19 June 2012

China Playing "Catch-Up" in Space Race

Update 27 June 2012: China Deeply Suspicious of USAF X-37B Spaceplane

China successfully docked its Shenzhou 9 spacecract with an orbiting spacelab, just weeks after private US space company SpaceX delivered cargo to the International Space Station. While China's accomplishment should be celebrated as a milestone in that nation's ability to achieve a human presence in space, we should have no illusions about China's current ranking in the international space race.

China's space activity is an appendage of its military organisation. That will be a drag on its speed of space accomplishments -- not only compared with much smaller and more nimble SpaceX, but even with the US military, significant parts of which have adopted the motto: "smaller, cheaper, faster, better."
...the X-37B seems to be a triumph of spacecraft reusability, the holy grail of latter-day western space flight. In December 2010, the first X-37B (called OTV-1) landed at Vandenberg Air Force Base in California after a 220-day mission, its nose still glowing in infrared footage with the residual heat of its incandescent re-entry. Now that mission time has been more than doubled by the second vehicle which landed on 16 June: OTV-2 managed an astonishing 469 days in orbit. _NewScientist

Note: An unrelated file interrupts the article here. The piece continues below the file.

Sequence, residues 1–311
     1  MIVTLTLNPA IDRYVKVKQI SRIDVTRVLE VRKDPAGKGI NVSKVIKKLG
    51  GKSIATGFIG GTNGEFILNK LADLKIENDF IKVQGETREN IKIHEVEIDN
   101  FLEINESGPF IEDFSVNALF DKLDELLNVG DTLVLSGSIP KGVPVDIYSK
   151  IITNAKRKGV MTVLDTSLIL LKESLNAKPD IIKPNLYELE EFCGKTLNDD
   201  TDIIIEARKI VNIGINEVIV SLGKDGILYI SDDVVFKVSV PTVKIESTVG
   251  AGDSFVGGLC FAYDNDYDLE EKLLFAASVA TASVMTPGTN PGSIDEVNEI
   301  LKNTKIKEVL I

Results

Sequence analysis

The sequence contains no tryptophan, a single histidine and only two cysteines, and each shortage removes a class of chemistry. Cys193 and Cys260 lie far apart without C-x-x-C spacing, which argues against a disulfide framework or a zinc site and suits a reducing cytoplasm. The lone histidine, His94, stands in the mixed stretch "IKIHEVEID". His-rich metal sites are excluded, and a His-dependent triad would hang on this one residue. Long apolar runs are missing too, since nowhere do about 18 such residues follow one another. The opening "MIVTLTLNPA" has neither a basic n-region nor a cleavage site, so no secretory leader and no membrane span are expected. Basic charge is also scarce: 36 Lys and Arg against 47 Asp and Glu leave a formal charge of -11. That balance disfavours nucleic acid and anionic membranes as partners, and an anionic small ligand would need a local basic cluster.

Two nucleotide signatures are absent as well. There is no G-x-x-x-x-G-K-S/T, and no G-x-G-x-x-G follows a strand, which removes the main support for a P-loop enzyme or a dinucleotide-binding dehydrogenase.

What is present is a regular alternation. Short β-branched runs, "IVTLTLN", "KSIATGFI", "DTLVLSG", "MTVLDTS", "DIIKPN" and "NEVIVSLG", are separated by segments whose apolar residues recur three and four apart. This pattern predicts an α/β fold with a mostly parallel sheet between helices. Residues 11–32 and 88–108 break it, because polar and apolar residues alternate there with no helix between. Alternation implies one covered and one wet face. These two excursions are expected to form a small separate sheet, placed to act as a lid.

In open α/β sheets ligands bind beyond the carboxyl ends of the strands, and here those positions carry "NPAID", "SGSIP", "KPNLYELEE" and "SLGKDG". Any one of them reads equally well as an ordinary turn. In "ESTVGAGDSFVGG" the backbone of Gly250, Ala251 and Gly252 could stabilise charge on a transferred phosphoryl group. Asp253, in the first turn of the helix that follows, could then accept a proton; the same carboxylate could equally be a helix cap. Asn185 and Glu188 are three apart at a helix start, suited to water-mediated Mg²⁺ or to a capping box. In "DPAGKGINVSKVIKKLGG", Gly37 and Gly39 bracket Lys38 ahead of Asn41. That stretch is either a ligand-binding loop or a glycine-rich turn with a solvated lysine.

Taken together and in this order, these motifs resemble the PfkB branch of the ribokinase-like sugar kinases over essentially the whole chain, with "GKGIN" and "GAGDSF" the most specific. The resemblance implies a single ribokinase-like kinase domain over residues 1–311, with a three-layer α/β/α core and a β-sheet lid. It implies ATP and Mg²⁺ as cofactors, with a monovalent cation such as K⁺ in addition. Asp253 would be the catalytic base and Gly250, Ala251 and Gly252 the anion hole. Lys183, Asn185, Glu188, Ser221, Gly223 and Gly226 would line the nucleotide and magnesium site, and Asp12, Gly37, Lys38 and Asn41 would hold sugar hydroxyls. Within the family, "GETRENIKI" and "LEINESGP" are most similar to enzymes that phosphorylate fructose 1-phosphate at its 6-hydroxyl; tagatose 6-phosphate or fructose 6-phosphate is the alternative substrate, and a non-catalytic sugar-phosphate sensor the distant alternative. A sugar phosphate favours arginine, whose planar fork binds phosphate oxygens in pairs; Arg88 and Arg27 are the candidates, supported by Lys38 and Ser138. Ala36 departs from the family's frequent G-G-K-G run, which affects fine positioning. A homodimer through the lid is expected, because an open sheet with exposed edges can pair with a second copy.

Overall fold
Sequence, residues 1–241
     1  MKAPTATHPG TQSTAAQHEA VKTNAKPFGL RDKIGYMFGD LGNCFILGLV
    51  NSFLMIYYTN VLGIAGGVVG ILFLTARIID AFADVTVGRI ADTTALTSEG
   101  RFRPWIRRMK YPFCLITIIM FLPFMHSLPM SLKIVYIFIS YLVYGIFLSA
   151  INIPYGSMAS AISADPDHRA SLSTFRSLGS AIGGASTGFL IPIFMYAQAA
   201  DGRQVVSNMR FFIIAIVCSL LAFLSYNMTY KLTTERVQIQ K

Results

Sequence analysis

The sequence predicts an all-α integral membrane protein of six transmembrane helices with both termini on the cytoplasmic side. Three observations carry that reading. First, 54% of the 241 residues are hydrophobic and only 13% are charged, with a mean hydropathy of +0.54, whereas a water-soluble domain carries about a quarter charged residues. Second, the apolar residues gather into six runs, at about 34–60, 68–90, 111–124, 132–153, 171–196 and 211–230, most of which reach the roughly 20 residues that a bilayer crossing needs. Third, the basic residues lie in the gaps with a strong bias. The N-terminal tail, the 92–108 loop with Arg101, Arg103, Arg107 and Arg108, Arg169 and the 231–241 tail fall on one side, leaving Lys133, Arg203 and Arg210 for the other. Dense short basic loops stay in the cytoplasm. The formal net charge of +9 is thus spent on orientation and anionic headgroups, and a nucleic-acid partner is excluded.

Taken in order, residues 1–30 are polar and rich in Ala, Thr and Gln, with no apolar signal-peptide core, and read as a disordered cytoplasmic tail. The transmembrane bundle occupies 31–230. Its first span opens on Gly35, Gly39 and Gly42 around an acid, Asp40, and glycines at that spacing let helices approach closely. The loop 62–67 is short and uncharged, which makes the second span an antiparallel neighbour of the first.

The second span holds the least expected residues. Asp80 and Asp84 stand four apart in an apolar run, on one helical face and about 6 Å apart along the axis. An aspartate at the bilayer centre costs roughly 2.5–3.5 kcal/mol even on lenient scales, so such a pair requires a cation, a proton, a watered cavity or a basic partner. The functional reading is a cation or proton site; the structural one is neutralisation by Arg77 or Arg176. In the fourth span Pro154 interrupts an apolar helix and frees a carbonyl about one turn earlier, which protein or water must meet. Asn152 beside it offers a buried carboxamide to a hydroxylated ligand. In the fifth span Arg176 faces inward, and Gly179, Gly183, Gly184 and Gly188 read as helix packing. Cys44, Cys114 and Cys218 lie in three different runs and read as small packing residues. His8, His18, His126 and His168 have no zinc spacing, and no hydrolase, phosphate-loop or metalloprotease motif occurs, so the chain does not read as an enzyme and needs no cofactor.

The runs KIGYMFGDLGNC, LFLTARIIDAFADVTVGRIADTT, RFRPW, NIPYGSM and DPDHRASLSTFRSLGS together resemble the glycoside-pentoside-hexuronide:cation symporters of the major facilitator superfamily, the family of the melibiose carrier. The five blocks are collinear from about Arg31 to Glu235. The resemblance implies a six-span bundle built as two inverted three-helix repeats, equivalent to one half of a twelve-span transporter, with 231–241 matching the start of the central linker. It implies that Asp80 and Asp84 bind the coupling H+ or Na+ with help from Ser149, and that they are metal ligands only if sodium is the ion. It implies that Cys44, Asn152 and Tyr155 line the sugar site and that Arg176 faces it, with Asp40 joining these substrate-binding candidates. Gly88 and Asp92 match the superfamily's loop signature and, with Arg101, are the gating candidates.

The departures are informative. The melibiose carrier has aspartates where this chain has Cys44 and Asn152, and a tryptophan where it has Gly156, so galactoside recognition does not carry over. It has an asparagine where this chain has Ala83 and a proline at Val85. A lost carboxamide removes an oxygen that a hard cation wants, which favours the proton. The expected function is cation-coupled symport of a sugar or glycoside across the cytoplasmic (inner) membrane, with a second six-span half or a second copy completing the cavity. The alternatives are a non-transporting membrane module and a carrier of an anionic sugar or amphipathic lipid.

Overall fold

In geopolitical terms, and at a time of major cost pressures, developing viable reusability like this is key. It is the major technology driver for SpaceX, for example, the first firm to fly a commercial cargo flight to the ISS and which is now converting that technology for crewed missions. Boeing says the X-37B is designed to develop "reusable space vehicle technologies that could become key enablers for future space missions". Its design is scalable, too, so larger versions could be made to carry astronauts.

So while China's achievement today is impressive, it's on the trailing edge of space-flight technology: the US and Russia docked with their own orbital space stations in the early 1970s - and even with each other in Apollo and Soyuz capsules in 1975. Congratulations to the Chinese space agency - but the landing of the X-37B only serves to show them how far they have to go. _NewScientist

USAF X37B Lands AFter 469 Days in Orbit

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